XKEYSCORE: Xkeyscore is the system that allows the NSA to filter and analyze the “raw” data collected under PRISM and other mass-surveillance programs. According to Edward Snowdon, it allows even low-level NSA analysts such as himself to search, read, and listen to the communications of any American without court approval or supervision. The NSA later denied that “low-level analysts” could listen to anyone’s phone calls or read anyone’s emails, saying that ability is limited to “only those personnel who require access for their assigned tasks.”
BOUNDLESS INFORMANT: “Boundless Informant” is a government surveillance tool that compiles, tracks, and stores billions of pieces of “metadata” the NSA collects each month, including data collected illegally from American citizens who are not suspected of any crime. Lt. Gen. James Clapper, the Director of National Intelligence, lied to Congress about the extent of the program, and, when revealed to be a liar, said he was speaking in the “least untruthful manner.” [Translation: I had to lie in order to tell the truth.]
Yes, lying to Congress is a felony. As punishment, President Obama ordered Lt. Gen. Clapper to establish and oversee an official Review Group on Intelligence and Communications Technologies.
FIVE YEARS, NO WARRANT: FISA, backed by Attorney General Eric Holder, approved the NSA’s policy of keeping and using information inadvertently gathered on United States citizen for five years, without a warrant. [Translation: We hoovered up your private information by accident, without a warrant, but we're keeping it and reserve the right to analyze it for the next five years.] This appears to contradict President Obama’s assurances that the NSA does not gather or analyze information on Americans without court warrants.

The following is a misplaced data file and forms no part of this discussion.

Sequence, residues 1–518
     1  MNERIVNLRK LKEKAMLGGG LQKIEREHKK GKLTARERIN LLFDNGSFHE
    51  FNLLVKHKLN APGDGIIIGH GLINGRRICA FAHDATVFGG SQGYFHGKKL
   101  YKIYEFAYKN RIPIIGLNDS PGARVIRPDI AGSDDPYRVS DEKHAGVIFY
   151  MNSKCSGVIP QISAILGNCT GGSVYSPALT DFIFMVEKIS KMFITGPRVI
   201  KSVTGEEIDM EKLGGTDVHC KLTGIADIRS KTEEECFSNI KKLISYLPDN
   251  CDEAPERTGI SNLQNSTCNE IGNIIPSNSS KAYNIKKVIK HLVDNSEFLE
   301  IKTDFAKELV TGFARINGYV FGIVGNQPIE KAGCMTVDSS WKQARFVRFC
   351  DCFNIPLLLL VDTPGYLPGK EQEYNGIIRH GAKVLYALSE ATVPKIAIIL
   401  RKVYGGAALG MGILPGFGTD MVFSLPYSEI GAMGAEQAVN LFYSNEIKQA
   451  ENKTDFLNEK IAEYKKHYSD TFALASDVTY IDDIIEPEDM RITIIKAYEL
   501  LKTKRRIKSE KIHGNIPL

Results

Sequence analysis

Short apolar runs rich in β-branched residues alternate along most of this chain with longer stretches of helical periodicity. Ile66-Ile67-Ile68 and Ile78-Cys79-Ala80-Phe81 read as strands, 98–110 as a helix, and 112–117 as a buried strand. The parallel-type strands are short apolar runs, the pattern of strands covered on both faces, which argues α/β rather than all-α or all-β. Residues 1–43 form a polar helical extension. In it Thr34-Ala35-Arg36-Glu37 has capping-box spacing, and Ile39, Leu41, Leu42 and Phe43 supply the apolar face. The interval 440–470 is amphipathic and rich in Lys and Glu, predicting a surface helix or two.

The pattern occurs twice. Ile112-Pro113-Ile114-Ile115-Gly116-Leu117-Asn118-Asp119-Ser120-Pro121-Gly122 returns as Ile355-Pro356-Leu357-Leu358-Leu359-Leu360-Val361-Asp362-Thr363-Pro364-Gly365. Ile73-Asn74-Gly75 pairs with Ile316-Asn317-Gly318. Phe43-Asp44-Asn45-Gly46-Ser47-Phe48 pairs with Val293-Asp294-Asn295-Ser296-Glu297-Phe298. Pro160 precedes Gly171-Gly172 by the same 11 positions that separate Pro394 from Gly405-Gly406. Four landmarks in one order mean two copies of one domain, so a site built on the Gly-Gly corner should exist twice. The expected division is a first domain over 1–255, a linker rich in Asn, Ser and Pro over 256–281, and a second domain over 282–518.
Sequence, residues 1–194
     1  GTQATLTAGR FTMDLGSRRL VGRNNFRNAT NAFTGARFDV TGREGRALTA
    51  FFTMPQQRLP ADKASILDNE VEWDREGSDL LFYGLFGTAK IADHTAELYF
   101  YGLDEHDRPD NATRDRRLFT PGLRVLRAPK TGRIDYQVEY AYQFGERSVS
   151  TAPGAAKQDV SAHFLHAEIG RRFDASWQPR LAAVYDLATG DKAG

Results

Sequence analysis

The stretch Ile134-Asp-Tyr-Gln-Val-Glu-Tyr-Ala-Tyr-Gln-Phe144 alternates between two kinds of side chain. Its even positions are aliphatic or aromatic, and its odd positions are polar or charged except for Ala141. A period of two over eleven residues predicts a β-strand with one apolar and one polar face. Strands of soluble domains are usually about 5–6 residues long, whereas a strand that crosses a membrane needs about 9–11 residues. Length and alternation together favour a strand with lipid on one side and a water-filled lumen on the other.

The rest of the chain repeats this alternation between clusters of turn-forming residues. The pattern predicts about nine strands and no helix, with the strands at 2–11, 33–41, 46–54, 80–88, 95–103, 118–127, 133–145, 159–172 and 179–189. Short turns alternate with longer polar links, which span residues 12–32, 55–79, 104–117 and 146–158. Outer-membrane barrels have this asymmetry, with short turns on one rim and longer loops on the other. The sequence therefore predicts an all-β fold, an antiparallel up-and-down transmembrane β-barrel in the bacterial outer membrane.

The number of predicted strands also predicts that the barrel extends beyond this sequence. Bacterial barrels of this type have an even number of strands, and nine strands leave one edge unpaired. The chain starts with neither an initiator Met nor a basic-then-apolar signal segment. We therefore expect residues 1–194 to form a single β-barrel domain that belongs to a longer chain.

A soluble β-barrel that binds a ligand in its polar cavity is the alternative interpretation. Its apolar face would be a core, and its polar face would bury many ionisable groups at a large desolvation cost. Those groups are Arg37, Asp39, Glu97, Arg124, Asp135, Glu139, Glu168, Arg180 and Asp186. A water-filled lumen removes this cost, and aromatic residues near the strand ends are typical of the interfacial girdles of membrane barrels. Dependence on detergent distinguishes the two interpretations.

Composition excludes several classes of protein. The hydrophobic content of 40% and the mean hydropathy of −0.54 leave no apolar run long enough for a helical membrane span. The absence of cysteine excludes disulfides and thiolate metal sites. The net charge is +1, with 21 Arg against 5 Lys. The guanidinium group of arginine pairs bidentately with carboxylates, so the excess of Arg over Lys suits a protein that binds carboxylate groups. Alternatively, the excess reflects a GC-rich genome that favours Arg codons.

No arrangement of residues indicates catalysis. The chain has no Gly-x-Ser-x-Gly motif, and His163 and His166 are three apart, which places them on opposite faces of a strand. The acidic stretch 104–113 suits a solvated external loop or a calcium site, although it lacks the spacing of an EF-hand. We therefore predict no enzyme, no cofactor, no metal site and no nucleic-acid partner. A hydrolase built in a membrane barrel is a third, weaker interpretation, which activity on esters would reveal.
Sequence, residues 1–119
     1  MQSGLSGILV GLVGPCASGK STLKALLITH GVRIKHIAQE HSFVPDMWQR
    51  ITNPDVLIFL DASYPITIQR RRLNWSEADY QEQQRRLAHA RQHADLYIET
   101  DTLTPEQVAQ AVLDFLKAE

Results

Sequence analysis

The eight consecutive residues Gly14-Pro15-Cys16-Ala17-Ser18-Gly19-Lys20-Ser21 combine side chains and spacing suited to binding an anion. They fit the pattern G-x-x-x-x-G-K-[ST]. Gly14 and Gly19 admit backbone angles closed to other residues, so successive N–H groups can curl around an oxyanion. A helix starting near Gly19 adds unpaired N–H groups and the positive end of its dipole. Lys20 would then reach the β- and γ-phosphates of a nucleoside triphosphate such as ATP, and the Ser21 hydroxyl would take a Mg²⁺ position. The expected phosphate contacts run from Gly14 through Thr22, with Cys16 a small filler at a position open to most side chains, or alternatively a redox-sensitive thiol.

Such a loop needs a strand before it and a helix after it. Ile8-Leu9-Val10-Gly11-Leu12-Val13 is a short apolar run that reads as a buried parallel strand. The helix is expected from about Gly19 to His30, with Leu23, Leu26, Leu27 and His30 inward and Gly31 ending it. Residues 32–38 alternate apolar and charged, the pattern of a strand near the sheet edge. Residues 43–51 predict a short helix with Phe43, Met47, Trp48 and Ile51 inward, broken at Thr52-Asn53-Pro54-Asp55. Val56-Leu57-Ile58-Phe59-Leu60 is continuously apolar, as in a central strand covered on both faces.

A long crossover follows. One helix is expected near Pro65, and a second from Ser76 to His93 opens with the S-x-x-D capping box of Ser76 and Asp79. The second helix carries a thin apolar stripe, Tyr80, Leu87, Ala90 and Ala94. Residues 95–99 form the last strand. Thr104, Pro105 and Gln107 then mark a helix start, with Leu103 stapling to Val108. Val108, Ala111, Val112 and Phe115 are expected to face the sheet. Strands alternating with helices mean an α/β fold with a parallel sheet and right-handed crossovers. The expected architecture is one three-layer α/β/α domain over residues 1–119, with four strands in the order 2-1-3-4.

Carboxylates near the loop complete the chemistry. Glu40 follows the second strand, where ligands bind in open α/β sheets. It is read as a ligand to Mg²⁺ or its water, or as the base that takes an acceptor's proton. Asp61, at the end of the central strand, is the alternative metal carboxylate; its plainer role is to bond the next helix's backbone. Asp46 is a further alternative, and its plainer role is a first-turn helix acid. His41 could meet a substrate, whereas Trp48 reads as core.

SPECIAL SOURCE OPERATIONS: A division of the NSA, Special Source Operations manages “corporate partnerships,” in which the government secretly pays millions of your tax dollars to Internet and network companies in return for them ratting out your private customer data to the surveillance programs. According to The New York Times, “AT&T has a history of working with the government. It helped facilitate the Bush administration’s warrantless surveillance program by allowing the NSA to install secret equipment in its phone and Internet switching facilities, according to an account by a former AT&T technician made public in a lawsuit.” A spokesman for AT&T told The Times: “We value our customers’ privacy and work hard to protect it by ensuring compliance with the law in all respects. We do not comment on questions concerning national security.”
The list goes on and on. And on and on and on. Snowdon revealed that the NSA taps the phones of world leaders, including our allies, and that it bugs dozens of embassies, including those of friendly nations.
Snowdon alerted us that the NSA deliberately tried — and may have succeeded — in introducing flaws into the software we use for online banking, to make it easier for the NSA to hack encrypted messages and criminals to hack our accounts. By compromising American Internet and phone networks, American cloud computing services, American computer and communications equipment, and American software and services companies, the NSA has profoundly jeopardized American businesses trying to compete in the global marketplace.
This is all worth knowing about, and talking about, right? This is in the public interest, without doubt. And we probably wouldn’t be talking about it were it not for Edward J. Snowdon, our Person of the Year, who is unlikely ever to be allowed back into the United States as a free man.